However, the company's late model U-boats like the U30C, U33C, and U36C were much were reliable and carried many of the same components as its later "Dash 7" line.

Still, at the time of the U50C's development EMD was simply a better locomotive builder not only due to the past successes of models like the GP38, GP35, GP30, GP9, GP7 and its entire cab series but also thanks to the powerful DDA40X "Centennial" model developed between 1968 and 1969.

While the locomotive (which followed up the earlier DD35A that also successful but nearly to the extent of its later counterpart) was an experimental design built solely for UP, and constructed at the same time as the U50C, it was so reliable that much of the fleet remained in service through the 1980s. 

Today, #6936 is still operational as part of UP's Heritage Fleet.  In any event, because of the severe reliability issues the railroad had with the U50C all 40 were retired, sold, or scrapped by 1978 after less than ten years of service. 

Lastly, for more information about the locomotive and all of the builder's U-boat models please refer to the chart below.

GE U50C Production Roster

Owner Road Number(s) Quantity Date Built
Union Pacific5000-50192011/1969-2/1971
Union Pacific5020-5039205/1971-11/1971

A trio of Union Pacific U50C's lead a parade of Geeps as the entire consortium works a freight eastbound near Duncan, Oregon circa 1970s. Photo from the Ken Berghorst collection/shared by Brandon Carstensen.

For more reading about GE's U-boat line the book U-Boats: General Electric's Diesel Locomotive by author Greg McDonnell provides a complete history of the company's first production diesel models.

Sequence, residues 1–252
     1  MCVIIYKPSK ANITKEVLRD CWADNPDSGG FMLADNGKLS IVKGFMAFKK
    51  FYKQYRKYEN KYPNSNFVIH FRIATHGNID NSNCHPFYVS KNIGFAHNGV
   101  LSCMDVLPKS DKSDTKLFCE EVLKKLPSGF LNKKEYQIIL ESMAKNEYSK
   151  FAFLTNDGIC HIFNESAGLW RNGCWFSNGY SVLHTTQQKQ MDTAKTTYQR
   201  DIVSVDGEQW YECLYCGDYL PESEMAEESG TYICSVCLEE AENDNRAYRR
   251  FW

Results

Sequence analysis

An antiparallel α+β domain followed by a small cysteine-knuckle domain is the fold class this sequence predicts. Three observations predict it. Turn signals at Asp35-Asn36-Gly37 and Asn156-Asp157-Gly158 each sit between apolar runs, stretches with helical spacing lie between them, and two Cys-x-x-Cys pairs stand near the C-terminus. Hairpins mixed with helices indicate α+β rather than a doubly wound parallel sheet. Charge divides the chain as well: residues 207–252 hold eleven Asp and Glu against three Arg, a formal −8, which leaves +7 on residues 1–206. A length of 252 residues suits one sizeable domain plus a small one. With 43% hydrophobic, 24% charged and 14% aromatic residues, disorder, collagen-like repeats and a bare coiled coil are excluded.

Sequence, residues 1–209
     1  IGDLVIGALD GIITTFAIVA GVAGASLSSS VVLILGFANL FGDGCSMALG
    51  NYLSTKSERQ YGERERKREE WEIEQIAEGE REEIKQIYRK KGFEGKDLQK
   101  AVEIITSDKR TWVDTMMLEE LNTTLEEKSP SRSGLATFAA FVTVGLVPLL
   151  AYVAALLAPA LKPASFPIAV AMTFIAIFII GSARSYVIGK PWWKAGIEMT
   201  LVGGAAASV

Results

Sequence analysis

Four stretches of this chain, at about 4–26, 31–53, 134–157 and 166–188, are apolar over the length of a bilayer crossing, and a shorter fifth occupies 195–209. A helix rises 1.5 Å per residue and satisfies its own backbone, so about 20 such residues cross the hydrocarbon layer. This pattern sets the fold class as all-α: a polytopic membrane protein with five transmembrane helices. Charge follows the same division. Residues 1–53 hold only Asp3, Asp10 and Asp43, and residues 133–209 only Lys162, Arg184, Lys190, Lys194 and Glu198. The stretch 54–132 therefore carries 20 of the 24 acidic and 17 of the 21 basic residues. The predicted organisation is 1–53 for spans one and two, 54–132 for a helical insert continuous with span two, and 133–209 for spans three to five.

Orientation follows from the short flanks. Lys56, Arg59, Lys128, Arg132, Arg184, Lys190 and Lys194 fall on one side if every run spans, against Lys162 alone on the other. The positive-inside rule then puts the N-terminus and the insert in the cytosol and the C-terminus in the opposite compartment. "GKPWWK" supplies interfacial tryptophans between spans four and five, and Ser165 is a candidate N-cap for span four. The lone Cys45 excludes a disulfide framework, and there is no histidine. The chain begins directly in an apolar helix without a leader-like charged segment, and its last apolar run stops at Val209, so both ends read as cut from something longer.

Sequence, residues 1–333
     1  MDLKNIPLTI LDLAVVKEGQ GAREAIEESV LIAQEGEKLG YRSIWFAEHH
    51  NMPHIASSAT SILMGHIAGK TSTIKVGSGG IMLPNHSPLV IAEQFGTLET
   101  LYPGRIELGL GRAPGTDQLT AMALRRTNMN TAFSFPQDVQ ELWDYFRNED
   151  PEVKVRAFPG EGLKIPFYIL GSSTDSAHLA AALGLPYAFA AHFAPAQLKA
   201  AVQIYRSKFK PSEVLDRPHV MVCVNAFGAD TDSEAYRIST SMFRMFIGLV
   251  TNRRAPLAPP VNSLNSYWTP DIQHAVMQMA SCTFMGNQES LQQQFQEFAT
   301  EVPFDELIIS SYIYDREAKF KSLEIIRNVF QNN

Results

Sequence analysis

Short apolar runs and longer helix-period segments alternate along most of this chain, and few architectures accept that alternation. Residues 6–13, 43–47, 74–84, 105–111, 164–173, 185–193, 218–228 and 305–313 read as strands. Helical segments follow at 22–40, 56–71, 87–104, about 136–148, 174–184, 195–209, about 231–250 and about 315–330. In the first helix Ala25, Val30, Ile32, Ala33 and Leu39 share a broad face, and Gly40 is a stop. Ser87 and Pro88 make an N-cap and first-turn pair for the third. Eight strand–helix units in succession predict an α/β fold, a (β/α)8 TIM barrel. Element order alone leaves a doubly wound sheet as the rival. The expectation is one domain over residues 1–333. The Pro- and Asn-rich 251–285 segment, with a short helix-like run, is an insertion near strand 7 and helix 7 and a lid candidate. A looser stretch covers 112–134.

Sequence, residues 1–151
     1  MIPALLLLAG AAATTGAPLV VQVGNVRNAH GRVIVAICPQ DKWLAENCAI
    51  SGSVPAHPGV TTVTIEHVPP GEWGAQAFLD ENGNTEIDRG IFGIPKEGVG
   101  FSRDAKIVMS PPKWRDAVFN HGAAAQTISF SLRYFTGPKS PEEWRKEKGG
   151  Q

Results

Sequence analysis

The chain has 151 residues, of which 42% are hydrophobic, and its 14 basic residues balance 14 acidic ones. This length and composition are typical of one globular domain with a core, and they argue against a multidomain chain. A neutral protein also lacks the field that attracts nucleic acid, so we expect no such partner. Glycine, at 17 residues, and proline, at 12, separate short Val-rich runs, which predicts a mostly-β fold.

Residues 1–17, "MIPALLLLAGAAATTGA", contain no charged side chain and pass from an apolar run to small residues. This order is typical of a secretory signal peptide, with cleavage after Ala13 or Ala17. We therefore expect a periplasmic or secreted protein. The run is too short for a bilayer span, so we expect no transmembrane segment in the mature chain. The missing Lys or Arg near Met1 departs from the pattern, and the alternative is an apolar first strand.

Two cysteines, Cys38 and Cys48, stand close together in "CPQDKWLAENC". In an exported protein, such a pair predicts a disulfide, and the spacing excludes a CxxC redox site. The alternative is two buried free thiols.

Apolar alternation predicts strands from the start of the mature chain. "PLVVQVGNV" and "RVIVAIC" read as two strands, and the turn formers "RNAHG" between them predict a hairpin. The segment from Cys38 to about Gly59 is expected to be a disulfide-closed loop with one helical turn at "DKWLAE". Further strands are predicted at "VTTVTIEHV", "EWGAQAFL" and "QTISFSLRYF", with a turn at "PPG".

Also, noted historian Brian Solomon has authored a number of books covering the history and background of GE's locomotives.  

Two, which provide for a general but thorough coverage include GE Locomotives and GE And EMD Locomotives: The Illustrated History.  As with virtually all of Mr. Solomon's you can expect a well-written title with large, crisp, and sharp photographs.  

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Header Photo: Drew Jacksich

Wes Barris's is simply the best web resource in the study of steam locomotives. 

The amount of information found there is quite staggering; historical backgrounds of wheel arrangements, types used by virtually every railroad, preserved and operational examples, and even those used in other countries (North America and beyond). 

It is difficult to truly articulate just how much material can be found at this website.  It is a must visit!

Researching Rights-Of-Way

A popular pastime for many is studying and/or exploring abandoned rights-of-way. 

Today, there are tens of thousands of miles scattered throughout the country.  Many were pulled up in the 1970's and 1980's although others were removed long before that. 

If you are researching active or abandoned corridors you might want to check out the United States Geological Survey's (USGS) Historical Topographic Map Explorer

It is an excellent resource with thousands of historic maps on file throughout the country.  Just type in a town or city and click on the timeline of maps at the bottom of the page!